Eight days in Greenland in June isn’t the most typical summer holiday out there. Especially when you’re travelling alone, with just a small backpack for company. Let’s take a step back. Why Greenland? There was a degree of arrogance to my choice, I’ll admit that. I was initially planning to hit up Svalbard this summer, the why-would-you-go-there island above Norway where you’re compelled by law to carry a gun to fend off polar bears. But the thing was, I knew people who had already been there (my social circle is as strange as me when it comes to travel).
But I didn’t know anyone who had been to Greenland. I realised this when browsing the Lonely Planet website and seeing a write-up on the country from a clearly wild and unconventional travel writer. The photos were incredible; the remoteness overwhelmingly tempting. I researched flights, swore at the price of them, then booked a trip to Greenland for June anyway. It would be ten days of travel in total: six days in Ilulissat, a day in Kangerlussuaq (Greenland’s main hub for air travel) on either side, and a day in Copenhagen on either side of that.
Having returned from my Greenland adventure earlier this week, I can say it was so very worth it. Ilulissat was a place to ponder on rocks overlooking icebergs, hike alone through incredible landscapes, kayak at midnight between the ice, and experience a landscape that was entirely alien to me. I read a lot, thought a lot, and relished the escape from everyday life. If you’re looking for something similar, give Greenland a thought.
A key point I’ll make: Kangerlussuaq is the main base for air travel connections, but that doesn’t mean it’s a place you want to stick around for a week (I didn’t, yippee). I stayed in Kangerlussuaq one night either side of my trip, which included one full day there, and this was easily enough. The town itself, well, it’s not really a town as such. You can tell it’s an ex U.S. military base. It still feels like a military base today, especially during my trip when half the Danish army seemed to be visiting for a training week. There’s a supermarket, a few places to eat, the airport… and that’s about it.
Saying that, I would recommend doing what I did and booking the ice cap tour that World of Greenland – Arctic Circle offers. The bus trip is pretty incredible, and walking on the ice cap is a brilliant experience to take home. The portion of the Danish army in Kangerlussuaq joined me on my tour, which notably diminished my peace and time for spiritual contemplation, but I’m pretty sure this is an exception to the norm. They must have planes to fly, drills to battle through, and Denmark to defend, right?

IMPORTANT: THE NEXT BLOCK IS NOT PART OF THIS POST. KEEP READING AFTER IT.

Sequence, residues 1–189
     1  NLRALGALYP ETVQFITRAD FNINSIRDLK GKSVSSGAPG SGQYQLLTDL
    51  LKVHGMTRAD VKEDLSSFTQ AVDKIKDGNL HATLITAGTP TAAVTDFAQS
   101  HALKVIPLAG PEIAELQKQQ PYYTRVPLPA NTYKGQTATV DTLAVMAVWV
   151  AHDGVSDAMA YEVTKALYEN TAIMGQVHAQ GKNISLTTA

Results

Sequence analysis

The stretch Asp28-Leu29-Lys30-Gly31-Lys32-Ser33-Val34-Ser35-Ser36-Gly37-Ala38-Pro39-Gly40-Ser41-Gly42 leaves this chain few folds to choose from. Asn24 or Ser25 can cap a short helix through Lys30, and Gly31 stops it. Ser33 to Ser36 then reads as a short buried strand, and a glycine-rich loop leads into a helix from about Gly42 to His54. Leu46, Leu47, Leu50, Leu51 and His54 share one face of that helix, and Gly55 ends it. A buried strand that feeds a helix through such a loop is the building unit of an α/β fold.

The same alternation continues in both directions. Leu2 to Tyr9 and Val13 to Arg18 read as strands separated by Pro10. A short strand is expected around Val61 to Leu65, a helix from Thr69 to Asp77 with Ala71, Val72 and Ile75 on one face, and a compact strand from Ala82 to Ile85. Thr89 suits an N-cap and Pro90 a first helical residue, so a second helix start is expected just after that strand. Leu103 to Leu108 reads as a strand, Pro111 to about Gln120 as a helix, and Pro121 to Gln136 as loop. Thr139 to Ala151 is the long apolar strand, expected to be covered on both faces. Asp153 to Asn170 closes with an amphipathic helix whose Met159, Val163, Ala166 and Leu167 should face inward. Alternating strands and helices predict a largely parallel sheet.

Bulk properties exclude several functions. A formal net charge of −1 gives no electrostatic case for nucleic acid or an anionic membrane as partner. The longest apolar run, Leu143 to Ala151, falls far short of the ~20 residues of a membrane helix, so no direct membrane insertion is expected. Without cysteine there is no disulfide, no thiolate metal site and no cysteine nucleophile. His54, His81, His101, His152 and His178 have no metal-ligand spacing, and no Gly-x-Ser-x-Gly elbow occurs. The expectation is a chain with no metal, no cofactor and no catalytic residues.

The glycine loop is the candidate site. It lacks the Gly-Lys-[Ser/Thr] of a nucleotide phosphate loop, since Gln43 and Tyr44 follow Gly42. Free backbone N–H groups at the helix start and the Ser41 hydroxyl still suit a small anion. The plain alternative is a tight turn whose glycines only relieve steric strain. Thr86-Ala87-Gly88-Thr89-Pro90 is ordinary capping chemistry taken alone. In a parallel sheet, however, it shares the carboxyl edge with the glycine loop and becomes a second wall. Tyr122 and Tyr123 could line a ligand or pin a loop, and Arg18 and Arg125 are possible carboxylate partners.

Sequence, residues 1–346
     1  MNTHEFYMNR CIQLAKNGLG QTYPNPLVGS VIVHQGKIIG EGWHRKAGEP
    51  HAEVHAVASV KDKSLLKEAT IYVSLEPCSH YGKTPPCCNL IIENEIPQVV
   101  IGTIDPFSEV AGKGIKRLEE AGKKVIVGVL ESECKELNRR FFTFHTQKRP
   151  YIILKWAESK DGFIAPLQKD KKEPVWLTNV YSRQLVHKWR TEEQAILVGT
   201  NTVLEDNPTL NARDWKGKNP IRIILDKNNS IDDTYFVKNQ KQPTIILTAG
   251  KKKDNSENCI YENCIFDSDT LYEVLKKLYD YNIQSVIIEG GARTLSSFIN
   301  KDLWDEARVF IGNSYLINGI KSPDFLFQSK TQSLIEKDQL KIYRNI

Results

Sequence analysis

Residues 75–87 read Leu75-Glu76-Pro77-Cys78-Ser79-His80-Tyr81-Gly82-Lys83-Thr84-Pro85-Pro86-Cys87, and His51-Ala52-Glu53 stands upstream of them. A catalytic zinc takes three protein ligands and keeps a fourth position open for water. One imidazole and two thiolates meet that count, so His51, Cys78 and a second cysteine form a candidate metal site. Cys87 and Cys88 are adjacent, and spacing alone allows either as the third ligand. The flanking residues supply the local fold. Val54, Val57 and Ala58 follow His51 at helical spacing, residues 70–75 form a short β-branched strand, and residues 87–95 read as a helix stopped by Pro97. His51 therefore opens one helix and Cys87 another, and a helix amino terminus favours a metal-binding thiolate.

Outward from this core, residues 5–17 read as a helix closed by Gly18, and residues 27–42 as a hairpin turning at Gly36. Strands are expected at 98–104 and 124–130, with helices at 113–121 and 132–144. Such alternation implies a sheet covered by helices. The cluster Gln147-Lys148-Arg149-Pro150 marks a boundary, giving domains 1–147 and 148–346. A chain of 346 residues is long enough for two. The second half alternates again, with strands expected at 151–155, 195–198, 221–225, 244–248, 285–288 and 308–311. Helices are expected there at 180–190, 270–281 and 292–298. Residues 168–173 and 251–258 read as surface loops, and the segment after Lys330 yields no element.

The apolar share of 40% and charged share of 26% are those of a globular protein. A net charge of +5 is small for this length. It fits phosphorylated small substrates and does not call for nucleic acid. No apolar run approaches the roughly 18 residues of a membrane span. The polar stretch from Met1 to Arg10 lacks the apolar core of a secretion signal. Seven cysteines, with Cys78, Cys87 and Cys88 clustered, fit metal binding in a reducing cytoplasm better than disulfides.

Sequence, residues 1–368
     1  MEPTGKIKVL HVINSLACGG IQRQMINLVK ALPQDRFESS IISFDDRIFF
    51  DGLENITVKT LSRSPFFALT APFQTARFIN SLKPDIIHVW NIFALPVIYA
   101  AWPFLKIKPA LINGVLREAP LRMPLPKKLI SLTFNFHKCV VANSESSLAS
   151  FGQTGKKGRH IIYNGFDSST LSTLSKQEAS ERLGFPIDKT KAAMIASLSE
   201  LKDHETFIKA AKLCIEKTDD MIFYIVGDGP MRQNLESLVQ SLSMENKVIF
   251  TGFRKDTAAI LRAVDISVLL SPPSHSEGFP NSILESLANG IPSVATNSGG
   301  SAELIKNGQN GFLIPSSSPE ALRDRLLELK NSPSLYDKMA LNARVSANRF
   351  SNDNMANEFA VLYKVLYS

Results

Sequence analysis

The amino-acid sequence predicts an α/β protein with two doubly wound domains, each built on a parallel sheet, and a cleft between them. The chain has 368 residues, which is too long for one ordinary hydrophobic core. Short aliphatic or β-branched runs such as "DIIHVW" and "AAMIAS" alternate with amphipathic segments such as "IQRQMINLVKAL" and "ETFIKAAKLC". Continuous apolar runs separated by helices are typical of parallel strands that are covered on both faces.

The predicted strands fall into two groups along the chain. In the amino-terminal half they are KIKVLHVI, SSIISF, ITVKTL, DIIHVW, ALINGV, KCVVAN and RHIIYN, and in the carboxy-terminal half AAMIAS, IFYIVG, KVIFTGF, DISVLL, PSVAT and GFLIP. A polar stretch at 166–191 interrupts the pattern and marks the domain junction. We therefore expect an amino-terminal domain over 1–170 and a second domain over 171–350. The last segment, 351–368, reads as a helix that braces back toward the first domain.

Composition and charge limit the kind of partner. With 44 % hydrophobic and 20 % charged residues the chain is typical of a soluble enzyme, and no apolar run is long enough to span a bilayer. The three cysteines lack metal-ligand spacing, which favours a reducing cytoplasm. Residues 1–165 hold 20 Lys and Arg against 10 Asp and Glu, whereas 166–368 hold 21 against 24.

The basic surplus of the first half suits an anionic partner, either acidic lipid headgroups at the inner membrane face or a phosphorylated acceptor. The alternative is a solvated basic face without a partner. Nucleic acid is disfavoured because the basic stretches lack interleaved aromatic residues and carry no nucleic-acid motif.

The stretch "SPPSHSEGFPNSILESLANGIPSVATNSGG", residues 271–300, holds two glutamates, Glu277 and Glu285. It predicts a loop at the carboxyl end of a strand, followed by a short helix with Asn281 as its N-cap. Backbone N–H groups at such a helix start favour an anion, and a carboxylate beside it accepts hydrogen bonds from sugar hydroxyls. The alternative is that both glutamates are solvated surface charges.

There were one or two non-Danish-army people on the tour, and the tour was in Danish before being translated into English (for me, ahem). The guide was, in so many ways, brilliant (I’m yet to meet a Danish guide that isn’t brilliant). I stuck out like a sore thumb being a non-Danish speaker, so at regular intervals he bellowed “where’s Lucy”, or “Lucy, can you hear ok?’. I’d say it was more special treatment than patronisation.
After my brief stay in Kangerlussuaq, I headed over the airport to get into a tiny plane to fly to Ilulissat (all without going through airport security: this, rather incredibly, is not a feature of internal flights). The seating is open, so as soon as you hear the bing of the announcement, head to the door to the gate so you’re in for a chance of a window seat. I wasn’t speedy enough for my Kangerlussuaq-Ilulissat flight (I fared much better on my return), but the glimpses I got of the view told me this adventure was going to be pretty damn incredible. And it was.
When you get to Ilulissat, wander through the town and get your bearings. Bask in your overwhelm (the icebergs! the colourful huts! holy shit, there’s a Nike shop!) and then plan when you’ll wander towards the wooden boardwalk to the ice fjord. If you miss this, it’d be very sad indeed. Allocate about an hour for a there-and-back wander from the centre, although you may well get caught up taking photos.